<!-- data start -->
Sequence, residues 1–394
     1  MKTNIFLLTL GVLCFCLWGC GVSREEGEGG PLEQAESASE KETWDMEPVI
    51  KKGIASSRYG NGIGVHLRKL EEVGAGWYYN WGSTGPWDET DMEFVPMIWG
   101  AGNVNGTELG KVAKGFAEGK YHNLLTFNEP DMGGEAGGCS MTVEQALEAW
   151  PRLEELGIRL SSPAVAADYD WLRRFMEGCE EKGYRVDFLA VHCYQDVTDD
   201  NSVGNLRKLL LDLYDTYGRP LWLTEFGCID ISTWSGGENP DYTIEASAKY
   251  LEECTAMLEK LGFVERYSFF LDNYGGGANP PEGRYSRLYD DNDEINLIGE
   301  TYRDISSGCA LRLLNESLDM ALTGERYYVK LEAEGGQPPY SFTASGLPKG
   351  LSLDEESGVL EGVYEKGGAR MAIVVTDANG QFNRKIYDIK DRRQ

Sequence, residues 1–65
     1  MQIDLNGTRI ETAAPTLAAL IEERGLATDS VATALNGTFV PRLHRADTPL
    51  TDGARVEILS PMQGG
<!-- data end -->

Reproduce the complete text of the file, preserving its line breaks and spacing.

Sequence, residues 1–394
     1  MKTNIFLLTL GVLCFCLWGC GVSREEGEGG PLEQAESASE KETWDMEPVI
    51  KKGIASSRYG NGIGVHLRKL EEVGAGWYYN WGSTGPWDET DMEFVPMIWG
   101  AGNVNGTELG KVAKGFAEGK YHNLLTFNEP DMGGEAGGCS MTVEQALEAW
   151  PRLEELGIRL SSPAVAADYD WLRRFMEGCE EKGYRVDFLA VHCYQDVTDD
   201  NSVGNLRKLL LDLYDTYGRP LWLTEFGCID ISTWSGGENP DYTIEASAKY
   251  LEECTAMLEK LGFVERYSFF LDNYGGGANP PEGRYSRLYD DNDEINLIGE
   301  TYRDISSGCA LRLLNESLDM ALTGERYYVK LEAEGGQPPY SFTASGLPKG
   351  LSLDEESGVL EGVYEKGGAR MAIVVTDANG QFNRKIYDIK DRRQ

Sequence, residues 1–65
     1  MQIDLNGTRI ETAAPTLAAL IEERGLATDS VATALNGTFV PRLHRADTPL
    51  TDGARVEILS PMQGG